In concluding that a Mayor of a Connecticut City did not have independent power to appoint a Corporation Counsel where the City Charter reserved appointment power to the City Council using the following language “the City Council shall appoint and may remove a Corporation Counsel…,” the Court found that the relevant section of the charter must be read in conjunction with its other provisions. Demayo v. Quinn, 315 Conn. 37, 42 (2014). “’In arriving at the intention of the framers of the charter the whole and every part of the instrument must be taken and compared together. In other words, effect should be given, if possible, to every section, paragraph, sentence, clause and word in the instrument and related laws.’” Id. citing Fennel v. Hartford, 238 Conn. 809, 826 (1996), and Broadnax v. New Haven, 270 Conn. 133, 161 (2004). In DeMayo, the relevant City Charter had an additional provision which called for the mayor to make recommendations to the City Council for certain positions. “The Mayor shall recommend any and all appointments.” Therefore, taken together with the express use of the word “shall” in the specific section referencing the office of Corporation Counsel, the word “shall” was taken to be mandatory.
The result in DeMayo makes considerable sense when looking at the nature of the appointment process of certain city offices and the division of power between the executive branch of municipal power, the Mayor, with the legislative branch, the City Council. The Charter created a blending of a fundamentally executive power, the appointment of executive officers, with a legislative organ of municipal government. This is much like the shared responsibility of appointing officers at the federal level. The President nominates federal officers to the Senate, and appoints upon the Senate’s confirmation. Again, this makes sense and mimics the federal constitution. Reading the specific municipal Charter in its entirety clearly indicated this intent to the Court.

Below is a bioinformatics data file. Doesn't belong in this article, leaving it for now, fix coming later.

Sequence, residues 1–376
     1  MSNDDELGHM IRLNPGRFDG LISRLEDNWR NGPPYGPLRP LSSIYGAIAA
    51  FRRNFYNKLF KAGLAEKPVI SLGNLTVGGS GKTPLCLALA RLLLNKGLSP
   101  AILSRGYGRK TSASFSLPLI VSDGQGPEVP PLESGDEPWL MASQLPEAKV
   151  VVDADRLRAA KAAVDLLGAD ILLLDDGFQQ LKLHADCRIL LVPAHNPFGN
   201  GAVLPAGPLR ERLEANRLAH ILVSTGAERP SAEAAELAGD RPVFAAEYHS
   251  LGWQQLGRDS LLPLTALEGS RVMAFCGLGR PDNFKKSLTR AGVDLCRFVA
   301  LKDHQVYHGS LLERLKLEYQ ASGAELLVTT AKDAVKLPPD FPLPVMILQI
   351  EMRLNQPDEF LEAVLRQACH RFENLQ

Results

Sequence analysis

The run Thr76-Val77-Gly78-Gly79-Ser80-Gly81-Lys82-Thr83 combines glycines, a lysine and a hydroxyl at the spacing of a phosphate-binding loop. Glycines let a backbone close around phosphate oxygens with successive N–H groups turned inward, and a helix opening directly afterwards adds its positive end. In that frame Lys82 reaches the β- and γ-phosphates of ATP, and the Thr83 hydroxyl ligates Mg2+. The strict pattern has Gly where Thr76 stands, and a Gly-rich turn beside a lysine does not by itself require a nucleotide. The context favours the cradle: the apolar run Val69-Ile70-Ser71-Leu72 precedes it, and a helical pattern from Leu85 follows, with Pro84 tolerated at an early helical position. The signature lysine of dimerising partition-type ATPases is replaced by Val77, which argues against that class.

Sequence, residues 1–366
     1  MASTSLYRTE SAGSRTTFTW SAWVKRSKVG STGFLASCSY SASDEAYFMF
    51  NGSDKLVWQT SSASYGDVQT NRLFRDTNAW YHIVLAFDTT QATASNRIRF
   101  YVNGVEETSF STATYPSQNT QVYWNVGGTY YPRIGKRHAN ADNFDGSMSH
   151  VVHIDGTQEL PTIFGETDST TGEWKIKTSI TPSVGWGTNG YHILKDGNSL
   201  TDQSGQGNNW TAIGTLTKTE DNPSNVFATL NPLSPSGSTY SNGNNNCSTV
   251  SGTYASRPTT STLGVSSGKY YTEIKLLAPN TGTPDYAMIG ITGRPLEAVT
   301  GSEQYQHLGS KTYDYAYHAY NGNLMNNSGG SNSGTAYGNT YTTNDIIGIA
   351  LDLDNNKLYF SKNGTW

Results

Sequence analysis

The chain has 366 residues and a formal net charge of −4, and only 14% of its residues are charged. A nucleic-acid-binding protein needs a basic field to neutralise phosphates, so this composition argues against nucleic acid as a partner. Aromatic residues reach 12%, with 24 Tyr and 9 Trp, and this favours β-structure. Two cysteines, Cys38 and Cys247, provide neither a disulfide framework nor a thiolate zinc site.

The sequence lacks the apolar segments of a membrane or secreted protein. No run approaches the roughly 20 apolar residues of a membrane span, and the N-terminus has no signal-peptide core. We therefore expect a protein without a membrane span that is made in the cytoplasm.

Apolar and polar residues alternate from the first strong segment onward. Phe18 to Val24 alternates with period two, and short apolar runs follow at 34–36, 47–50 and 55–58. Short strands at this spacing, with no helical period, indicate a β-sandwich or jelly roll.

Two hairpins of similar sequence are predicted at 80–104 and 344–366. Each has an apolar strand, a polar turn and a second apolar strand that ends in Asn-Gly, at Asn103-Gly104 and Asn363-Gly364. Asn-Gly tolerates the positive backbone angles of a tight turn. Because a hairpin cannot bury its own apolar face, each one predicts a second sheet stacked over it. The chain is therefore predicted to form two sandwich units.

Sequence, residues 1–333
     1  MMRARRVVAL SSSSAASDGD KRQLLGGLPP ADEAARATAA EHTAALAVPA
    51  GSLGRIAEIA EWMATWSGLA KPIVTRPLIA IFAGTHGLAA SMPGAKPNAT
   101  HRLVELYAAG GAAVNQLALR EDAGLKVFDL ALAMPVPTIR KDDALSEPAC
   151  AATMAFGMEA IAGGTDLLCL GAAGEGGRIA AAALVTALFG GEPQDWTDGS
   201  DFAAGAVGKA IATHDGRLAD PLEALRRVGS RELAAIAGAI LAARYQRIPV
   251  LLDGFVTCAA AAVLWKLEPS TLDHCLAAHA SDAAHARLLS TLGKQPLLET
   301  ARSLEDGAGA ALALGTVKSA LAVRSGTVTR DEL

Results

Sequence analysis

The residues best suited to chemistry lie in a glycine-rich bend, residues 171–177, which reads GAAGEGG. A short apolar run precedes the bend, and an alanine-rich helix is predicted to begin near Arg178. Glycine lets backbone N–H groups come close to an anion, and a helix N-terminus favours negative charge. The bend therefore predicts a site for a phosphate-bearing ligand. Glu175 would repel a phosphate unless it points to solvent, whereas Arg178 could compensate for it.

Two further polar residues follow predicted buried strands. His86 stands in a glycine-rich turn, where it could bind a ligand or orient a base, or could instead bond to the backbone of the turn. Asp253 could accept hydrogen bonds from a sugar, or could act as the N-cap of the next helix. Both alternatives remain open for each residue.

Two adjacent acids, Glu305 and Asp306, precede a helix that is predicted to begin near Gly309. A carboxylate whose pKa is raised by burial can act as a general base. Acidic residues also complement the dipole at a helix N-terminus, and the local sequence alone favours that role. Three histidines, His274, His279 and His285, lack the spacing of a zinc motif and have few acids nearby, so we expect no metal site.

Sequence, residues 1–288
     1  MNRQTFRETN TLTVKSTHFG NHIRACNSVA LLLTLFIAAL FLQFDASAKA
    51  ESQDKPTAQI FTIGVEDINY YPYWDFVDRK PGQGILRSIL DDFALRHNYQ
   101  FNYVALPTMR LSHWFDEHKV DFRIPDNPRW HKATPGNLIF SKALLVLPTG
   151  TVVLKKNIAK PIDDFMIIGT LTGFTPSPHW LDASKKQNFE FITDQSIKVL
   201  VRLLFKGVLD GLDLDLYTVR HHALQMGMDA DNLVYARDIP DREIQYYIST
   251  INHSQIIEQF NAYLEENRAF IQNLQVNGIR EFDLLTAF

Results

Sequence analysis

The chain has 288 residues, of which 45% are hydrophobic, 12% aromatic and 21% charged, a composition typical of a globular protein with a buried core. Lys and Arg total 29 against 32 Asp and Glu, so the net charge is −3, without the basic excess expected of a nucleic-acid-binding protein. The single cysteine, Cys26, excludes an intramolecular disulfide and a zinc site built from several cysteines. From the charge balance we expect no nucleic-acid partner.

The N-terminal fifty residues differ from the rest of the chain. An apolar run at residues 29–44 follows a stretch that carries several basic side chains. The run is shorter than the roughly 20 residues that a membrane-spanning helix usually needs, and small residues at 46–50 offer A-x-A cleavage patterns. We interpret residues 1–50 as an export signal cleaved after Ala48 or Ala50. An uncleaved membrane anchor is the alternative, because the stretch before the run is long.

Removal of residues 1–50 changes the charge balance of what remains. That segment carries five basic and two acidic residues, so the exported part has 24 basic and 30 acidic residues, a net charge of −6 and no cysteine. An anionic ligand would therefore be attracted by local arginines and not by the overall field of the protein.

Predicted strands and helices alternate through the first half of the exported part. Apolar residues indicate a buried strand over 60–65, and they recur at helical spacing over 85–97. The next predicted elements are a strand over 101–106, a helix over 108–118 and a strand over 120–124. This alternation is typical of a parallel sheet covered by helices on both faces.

But in DeMayo, the Connecticut Supreme Court went on to observe that “[i]n interpreting statutory text, this court has often stated that “’the use of the word “shall,” though significant, does not invariably create a mandatory duty… The usual rule, however, is that [t]he … use of the word “shall” generally evidences an intent that the statute be interpreted as mandatory.’” Id. at 43, (emphasis added), citing Stewart v. Tunxis Service Center, 237 Conn. 71, 78 (1996). This last emphasized phrase seems unnecessary, and not completely accurate given the high number of instances where the word “shall” has been found to be directory.
So we are now full circle, and back to where we started. We all think we know where we are, but all is yet still a little hazy when it comes to our understanding of the precise “legal” meaning of the word “shall” in a statute or municipal charter.
Maybe the best way to look at it is the following: use of the word “shall” is mandatory when it is deemed to be necessary, and it is directory when deemed necessary. Just remember, however, that careful jurisprudence never allows a Court to write opinions that are results oriented. Never.
Good luck with this one!